Bodies are capable of a wonderful range of things that help them survive and thrive in the surrounding environment. We see with our eyes, we use legs to run away from predators, our skin protects us from toxic substances. We’re pretty well equipped to deal with a range of things!
Other animals have defensive measures of their own, such as giant spikes, bright colouring, or the ability to look like something else, mimicry.
We all evolved from a distant ancestor, branched, divided, dispersed in the world, while continuing to adapt to survive. To me one of the most fascinating concepts in evolutionary theory is convergent evolution.
It happens when unrelated organisms evolve to have a similar trait. After all, evolution doesn’t have a clear-cut path through the challenges of the natural world, it’s a complex interaction with the conditions surrounding the organism. Diversity comes from having a lot of different solutions for one problem, such as the range of mating dances birds can have.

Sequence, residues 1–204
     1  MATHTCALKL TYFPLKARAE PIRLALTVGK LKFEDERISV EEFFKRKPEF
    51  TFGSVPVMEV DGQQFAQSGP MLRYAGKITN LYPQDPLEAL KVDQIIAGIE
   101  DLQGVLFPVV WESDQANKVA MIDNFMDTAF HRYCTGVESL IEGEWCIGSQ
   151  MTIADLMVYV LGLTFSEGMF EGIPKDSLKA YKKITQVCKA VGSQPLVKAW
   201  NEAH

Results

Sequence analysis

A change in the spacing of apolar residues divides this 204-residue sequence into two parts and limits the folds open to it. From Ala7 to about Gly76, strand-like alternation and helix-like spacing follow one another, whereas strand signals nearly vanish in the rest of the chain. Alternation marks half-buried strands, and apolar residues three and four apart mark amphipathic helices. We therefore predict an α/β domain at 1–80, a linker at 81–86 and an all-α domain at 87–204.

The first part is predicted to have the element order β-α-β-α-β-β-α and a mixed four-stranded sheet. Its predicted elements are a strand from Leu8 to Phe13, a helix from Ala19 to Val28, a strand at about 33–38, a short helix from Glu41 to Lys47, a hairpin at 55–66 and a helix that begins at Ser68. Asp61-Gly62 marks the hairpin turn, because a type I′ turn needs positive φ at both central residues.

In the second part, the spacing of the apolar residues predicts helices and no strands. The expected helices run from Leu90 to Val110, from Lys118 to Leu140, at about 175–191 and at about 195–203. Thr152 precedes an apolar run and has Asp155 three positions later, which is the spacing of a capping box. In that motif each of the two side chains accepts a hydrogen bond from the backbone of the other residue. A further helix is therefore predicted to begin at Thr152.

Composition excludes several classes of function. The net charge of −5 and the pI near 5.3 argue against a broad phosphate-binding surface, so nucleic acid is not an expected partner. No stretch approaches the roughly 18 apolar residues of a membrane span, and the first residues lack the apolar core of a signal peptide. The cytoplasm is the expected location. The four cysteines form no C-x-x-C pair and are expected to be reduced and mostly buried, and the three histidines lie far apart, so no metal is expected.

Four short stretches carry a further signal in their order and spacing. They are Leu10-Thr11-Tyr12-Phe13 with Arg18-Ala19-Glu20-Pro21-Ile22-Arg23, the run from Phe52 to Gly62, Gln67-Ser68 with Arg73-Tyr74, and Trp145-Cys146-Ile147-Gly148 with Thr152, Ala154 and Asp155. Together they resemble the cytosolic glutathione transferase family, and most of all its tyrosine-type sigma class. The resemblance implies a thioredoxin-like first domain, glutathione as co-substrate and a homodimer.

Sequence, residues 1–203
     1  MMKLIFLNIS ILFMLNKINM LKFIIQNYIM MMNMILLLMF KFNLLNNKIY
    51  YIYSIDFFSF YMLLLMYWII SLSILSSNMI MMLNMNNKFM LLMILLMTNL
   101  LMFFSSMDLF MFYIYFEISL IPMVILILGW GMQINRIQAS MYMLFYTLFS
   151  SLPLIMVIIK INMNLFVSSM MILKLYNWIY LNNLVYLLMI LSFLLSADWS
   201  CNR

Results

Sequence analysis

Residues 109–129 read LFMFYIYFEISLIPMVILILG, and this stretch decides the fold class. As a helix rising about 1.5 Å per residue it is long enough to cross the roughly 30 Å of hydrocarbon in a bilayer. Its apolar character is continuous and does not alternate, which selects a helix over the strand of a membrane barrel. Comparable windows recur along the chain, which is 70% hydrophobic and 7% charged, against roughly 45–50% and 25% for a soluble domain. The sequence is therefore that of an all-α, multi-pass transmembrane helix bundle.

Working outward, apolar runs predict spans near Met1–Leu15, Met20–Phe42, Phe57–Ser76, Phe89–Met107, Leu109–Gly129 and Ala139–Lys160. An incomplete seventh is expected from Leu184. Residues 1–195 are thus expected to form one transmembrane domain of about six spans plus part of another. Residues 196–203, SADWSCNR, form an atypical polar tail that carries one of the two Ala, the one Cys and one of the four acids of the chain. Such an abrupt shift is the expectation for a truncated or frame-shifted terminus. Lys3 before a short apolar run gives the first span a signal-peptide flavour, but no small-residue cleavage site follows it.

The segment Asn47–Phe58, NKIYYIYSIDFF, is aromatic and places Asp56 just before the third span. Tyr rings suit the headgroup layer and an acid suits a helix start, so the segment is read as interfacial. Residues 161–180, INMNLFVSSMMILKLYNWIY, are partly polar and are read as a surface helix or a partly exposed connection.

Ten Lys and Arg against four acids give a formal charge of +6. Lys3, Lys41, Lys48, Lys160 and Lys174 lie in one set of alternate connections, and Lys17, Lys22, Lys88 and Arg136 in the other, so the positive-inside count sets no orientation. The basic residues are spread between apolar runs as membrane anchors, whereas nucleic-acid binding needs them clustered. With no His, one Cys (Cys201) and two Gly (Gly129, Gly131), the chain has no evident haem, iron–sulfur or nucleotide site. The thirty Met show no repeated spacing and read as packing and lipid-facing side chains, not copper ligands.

Convergence, on the other hand, means that even geographically distant, unrelated animals stumble upon the same solution for something. The eye is a great example – vertebrates (think humans) and cephalopod mollusks (think octopi) have independently evolved camera-type eyes, a lens projecting an image onto a retina. However, while vertebrates focus by changing the shape of the lens, cephalopods do so through movement. The latter also don’t have corneas.
I love the idea that different organisms in distant parts of the planet could devise similar solutions to similar problems. Do you have a favourite evolutionary quirk?